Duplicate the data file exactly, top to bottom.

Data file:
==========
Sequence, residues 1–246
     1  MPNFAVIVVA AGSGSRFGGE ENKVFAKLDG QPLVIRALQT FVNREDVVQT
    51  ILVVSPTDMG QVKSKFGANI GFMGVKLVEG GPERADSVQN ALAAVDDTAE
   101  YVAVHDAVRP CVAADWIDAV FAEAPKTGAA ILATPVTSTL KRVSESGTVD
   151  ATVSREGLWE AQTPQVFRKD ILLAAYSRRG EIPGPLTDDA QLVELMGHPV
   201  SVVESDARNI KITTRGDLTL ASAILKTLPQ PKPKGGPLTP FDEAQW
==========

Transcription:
Sequence, residues 1–246
     1  MPNFAVIVVA AGSGSRFGGE ENKVFAKLDG QPLVIRALQT FVNREDVVQT
    51  ILVVSPTDMG QVKSKFGANI GFMGVKLVEG GPERADSVQN ALAAVDDTAE
   101  YVAVHDAVRP CVAADWIDAV FAEAPKTGAA ILATPVTSTL KRVSESGTVD
   151  ATVSREGLWE AQTPQVFRKD ILLAAYSRRG EIPGPLTDDA QLVELMGHPV
   201  SVVESDARNI KITTRGDLTL ASAILKTLPQ PKPKGGPLTP FDEAQW